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I'm trying to teach myself some combinatorics, and at the moment, I'm having a hard time coming up with recursive equations. It seems to come naturally to some people, and I'm hoping that my skills may improve if I see one or two examples with some explanation.

For example, let's consider the problem of the probability of getting at least $k$ consecutive heads when tossing a coin $n$ times. The following recursive equation for this problem has been posted here in terms of probabilities: $$ P(N,k)=P(N-1,k)+\Big(1-P(N-k-1,k)\Big)\left(\frac{1}{2}\right)^{k+1} $$

This equation seems to be correct when plugging a few numbers in. My questions are:

  • What is the mind process for arriving at such equations? Are there any systematic approaches, or at least some helpful tips?
  • What if, in general, the probability of obtaining a heads is $p$? Can one still have recursive equation in this case?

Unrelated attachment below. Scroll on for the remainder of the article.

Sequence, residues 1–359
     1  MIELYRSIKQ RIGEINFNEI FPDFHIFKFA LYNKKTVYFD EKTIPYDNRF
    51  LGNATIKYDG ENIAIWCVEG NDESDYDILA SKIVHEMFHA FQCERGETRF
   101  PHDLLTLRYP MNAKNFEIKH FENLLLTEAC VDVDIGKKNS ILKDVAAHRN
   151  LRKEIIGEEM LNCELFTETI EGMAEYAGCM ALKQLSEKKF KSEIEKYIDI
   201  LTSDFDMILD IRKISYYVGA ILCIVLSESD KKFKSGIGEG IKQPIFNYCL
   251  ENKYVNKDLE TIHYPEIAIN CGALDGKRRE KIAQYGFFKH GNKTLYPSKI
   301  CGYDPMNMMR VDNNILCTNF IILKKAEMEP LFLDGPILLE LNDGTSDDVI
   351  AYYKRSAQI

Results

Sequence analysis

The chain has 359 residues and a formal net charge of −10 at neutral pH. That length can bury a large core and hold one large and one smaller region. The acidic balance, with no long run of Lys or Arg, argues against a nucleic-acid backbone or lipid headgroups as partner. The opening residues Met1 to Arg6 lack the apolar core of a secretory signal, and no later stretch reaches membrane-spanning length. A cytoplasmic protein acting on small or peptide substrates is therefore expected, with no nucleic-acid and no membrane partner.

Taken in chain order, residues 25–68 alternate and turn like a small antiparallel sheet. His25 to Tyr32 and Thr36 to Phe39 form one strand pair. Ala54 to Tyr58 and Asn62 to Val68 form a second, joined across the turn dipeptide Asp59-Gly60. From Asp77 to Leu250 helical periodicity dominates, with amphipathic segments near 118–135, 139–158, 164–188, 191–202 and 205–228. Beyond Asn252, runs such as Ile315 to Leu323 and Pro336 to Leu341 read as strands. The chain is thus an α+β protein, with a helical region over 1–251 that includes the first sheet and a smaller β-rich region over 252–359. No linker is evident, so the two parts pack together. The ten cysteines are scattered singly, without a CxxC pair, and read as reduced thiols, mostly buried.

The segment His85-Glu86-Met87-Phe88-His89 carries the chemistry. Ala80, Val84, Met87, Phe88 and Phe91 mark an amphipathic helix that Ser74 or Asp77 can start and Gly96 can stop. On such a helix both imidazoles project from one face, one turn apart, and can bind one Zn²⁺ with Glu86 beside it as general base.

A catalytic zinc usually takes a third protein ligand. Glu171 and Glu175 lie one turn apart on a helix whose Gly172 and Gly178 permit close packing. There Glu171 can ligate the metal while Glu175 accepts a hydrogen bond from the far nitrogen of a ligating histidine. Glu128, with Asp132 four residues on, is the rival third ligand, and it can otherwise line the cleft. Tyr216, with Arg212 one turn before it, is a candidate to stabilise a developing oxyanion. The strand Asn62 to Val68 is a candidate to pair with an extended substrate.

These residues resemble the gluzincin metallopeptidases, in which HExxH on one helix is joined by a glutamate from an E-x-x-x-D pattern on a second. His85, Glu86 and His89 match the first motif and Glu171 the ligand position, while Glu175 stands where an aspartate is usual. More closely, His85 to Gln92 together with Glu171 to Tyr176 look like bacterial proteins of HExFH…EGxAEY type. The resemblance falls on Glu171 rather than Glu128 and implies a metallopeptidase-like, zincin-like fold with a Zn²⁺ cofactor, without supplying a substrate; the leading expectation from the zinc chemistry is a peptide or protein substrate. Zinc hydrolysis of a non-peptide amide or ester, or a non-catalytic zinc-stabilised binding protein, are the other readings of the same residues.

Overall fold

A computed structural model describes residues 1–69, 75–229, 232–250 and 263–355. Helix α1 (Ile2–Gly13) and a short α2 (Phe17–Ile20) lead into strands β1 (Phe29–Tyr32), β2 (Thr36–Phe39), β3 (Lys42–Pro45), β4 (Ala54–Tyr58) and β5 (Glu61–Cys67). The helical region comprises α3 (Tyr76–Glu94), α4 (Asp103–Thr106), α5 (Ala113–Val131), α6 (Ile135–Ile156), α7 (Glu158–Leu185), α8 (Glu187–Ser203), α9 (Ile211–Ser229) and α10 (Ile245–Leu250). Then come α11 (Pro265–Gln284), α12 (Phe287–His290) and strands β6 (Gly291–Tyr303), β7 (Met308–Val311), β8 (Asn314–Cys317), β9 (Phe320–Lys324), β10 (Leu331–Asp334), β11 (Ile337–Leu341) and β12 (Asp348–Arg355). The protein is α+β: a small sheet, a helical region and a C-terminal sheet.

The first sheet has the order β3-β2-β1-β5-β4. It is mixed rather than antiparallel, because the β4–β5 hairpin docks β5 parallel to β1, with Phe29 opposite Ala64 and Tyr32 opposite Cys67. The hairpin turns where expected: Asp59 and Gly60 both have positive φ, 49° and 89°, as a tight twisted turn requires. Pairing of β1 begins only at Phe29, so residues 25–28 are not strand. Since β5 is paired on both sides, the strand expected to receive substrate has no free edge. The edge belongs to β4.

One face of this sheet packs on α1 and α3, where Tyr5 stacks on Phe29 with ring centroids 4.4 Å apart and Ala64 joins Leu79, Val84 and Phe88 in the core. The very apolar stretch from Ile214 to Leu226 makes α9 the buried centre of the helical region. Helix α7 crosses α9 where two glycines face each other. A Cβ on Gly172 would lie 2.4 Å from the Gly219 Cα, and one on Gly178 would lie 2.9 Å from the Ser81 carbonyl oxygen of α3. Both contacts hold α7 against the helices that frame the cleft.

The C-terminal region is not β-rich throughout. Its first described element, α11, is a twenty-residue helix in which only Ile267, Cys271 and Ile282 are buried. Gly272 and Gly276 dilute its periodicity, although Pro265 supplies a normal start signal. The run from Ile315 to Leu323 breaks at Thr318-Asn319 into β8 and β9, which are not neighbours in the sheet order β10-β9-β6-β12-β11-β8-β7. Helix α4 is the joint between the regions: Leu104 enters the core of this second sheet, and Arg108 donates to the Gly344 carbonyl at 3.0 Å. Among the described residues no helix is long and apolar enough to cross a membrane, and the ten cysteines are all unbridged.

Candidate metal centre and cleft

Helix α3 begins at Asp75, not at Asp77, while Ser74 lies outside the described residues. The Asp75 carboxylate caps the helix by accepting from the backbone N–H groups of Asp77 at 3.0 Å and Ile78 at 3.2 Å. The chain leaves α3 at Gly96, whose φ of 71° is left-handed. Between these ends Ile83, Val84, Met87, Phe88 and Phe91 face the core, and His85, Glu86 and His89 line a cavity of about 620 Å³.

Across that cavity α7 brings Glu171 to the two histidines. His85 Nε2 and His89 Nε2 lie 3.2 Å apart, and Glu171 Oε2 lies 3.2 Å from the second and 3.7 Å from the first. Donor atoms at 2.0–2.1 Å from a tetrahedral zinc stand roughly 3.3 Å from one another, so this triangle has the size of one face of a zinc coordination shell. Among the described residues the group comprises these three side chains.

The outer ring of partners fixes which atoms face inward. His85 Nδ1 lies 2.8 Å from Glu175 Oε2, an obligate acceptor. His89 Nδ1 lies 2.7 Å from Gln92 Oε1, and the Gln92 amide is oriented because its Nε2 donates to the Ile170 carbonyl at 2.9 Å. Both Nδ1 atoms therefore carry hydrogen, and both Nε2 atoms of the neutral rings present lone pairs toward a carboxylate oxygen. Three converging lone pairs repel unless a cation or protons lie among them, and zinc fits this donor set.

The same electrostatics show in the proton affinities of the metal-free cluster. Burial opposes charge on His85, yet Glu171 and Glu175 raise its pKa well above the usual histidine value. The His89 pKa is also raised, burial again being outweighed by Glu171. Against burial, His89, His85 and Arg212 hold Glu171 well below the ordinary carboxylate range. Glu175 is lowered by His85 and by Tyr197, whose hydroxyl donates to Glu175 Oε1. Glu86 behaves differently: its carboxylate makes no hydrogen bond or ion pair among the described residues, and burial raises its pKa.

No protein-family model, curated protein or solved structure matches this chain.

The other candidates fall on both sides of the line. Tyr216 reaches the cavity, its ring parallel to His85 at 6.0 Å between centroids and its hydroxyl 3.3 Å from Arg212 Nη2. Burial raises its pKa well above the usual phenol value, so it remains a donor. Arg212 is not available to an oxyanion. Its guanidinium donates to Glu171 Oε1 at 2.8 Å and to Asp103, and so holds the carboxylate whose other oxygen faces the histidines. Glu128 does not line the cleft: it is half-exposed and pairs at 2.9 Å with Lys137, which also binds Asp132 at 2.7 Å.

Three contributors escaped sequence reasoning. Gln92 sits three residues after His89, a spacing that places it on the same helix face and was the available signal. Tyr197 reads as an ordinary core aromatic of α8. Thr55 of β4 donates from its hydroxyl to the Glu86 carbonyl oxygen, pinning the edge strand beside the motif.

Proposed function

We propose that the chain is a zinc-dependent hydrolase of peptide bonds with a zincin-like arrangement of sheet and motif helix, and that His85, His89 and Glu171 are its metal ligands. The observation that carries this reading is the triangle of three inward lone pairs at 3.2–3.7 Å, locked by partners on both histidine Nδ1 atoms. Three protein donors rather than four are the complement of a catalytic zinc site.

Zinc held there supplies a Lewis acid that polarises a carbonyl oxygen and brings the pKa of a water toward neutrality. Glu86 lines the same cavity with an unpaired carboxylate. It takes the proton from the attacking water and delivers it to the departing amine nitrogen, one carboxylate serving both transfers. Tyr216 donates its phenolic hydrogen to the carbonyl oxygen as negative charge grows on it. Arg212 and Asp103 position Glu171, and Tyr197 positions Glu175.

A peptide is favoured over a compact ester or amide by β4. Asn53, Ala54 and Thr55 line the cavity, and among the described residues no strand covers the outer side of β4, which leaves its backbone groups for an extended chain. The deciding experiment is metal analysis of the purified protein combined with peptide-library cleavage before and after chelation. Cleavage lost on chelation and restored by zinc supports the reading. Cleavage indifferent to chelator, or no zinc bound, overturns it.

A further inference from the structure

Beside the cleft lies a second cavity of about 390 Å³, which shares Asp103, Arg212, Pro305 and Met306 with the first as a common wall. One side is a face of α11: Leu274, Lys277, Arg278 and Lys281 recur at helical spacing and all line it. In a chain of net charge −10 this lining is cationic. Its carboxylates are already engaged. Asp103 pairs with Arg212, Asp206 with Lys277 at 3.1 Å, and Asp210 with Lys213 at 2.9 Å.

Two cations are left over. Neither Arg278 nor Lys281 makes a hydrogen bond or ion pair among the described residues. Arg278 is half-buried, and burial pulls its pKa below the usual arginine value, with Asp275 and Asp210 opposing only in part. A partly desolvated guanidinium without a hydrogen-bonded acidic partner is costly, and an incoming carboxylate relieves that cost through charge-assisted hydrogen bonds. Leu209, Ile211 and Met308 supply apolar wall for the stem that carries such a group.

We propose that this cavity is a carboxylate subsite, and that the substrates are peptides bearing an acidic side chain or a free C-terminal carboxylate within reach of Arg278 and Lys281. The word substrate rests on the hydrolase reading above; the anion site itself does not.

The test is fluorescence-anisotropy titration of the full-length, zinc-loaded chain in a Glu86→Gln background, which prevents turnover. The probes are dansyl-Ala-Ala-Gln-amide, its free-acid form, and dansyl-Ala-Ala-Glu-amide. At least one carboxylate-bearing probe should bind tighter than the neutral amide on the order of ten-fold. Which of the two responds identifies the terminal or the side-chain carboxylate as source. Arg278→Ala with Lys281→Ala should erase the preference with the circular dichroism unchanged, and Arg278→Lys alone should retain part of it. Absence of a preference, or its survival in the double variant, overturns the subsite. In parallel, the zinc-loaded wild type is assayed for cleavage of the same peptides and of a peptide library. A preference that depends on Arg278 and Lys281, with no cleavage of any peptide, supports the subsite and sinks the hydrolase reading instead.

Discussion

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Probably the most systematic approach is Wilf-Zeilberger algorithm, check out a book called "A=B" –  Alex Feb 12 '13 at 18:55
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2 Answers 2

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The logic for that recurrence is that to have a run of $k$ heads out of $N$ flips, you can either have a run out of the first $N-1$ flips and the last one can be anything (the first term on the right) or you can have no run in the first $N-k-1$ flips (the $\Big(1-P(N-k-1,k)\Big)$ term), then a tail (the first factor $\frac 12$), then $k$ heads (the factor $\left(\frac 12 \right)^k$). In general, one way is to carefully enumerate the possibilities.

If the probability of a head were $p$ instead of $\frac 12$ the final $\left(\frac 12 \right)^{k+1}$ would become $(1-p)p^k$, following the logic in the previous paragraph.

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Thanks a lot for your answer. That perfectly explains the recursion above. With these things it's obvious when someone explains it to you, but it's much harder to come up with it yourself. Hopefully I'll get better with practice. –  MGA Feb 12 '13 at 20:03